Unusual trial with two chairs
Victory for JFH Crime at Willesden Magistrates Court
Duncan Roberts recently represented SM in relation to an allegation of common assault on his ex-partner. The trial took place at the Willesden Magistrates Court with a rather unusual occurrence during an adjournment of the proceedings.
The trial itself was fairly routine with SM raising the issue of self-defence as the reason for physical contact between himself and the complainant. During her evidence in chief and cross-examination the complainant accepted that she was angry with SM and had taken possession of his expensive laptop and had fully intended to smash it. She accepted that had she not been physically stopped she would have smashed it.
SM’s evidence was consistent with his account in interview and was credible and consistent in the face of cross-examination by the prosecution. After less than 10 minutes of deliberating, the magistrates found that they could not be sure that the prosecution had disproved self-defence of property and acquitted SM.
Chair retired in the middle of the case
Due to a lack of court time, the matter had to go ‘part-heard’ after the prosecution had concluded their case. This in itself is not unusual, however, the chair of the bench turned 70 the day after the trial was originally before the court. The Courts Act 2003 stipulates that 70 is the mandatory retirement age for magistrates.
An eagle-eyed legal adviser was aware of the issues that may have been caused by this and contacted the Lord Chancellor’s office for special dispensation for the former chair to return to the bench to conclude this particular case as it was part-heard.
Despite postponing the case for the Lord Chancellor’s office to return the legal adviser’s numerous calls, the permission was not forthcoming.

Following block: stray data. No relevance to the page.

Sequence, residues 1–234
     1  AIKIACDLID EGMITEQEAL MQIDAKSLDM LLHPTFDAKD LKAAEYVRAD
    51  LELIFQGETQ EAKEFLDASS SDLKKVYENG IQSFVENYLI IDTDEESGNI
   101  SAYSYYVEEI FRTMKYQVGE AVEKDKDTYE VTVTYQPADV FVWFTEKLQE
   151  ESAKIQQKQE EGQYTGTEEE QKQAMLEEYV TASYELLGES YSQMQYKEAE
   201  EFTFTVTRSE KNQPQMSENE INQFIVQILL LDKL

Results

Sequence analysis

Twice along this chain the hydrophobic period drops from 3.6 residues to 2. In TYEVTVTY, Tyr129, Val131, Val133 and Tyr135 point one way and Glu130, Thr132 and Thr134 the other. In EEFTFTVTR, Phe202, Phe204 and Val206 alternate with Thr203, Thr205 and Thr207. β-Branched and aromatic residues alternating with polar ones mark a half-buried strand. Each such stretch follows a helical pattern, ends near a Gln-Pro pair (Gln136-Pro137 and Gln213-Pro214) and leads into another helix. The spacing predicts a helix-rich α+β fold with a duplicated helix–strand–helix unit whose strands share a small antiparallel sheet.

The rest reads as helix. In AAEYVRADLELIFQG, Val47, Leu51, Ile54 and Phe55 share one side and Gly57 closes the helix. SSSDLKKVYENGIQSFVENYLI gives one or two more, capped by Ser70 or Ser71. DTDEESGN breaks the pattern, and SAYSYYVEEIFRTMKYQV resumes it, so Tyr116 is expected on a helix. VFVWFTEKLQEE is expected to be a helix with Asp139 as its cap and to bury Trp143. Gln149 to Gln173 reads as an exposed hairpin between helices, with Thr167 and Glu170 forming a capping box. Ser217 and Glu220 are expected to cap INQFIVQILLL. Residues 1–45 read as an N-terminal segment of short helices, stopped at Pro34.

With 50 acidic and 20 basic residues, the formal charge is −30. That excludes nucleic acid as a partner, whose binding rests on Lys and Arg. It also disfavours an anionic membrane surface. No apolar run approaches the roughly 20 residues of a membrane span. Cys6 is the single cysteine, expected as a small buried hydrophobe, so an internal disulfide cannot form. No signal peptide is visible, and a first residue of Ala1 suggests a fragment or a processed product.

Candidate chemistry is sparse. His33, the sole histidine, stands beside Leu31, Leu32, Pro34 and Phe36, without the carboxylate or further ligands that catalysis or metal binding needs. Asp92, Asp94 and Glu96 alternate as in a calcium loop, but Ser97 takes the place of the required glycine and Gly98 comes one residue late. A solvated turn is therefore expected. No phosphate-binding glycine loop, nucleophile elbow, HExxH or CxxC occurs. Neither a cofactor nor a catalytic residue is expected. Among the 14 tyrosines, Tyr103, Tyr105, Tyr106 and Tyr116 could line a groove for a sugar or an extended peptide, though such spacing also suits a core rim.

As SM was keen to have the matter resolved he instructed that he would be content with the matter to proceed with just two lay magistrates despite the potential deadlock if they were unable to decide on the outcome of the case.
Eventually it was proposed that the retired chair take a seat on the bench as an ‘interested observer’ so that he could hear the remainder of the case, a final attempt would then be made to obtain the Lord Chancellor’s consent; if granted he could sit with his colleagues for deliberation, if not the decision would be made by just the remaining two.
Unfortunately, the Lord Chancellor had still not made his way through his email and urgent messages by 12:30 when the evidence had finished. He therefore was not party to the discussions which saw our client acquitted.
We would like to thank the chair for taking the time to sit as an observer in the hope that he would be granted permission and to wish him a long and happy retirement.
Duncan Roberts, Solicitor
Please note that the information contained in this article was correct at the time of writing. There may have been updates to the law since the article was written, which may affect the information and advice given therein.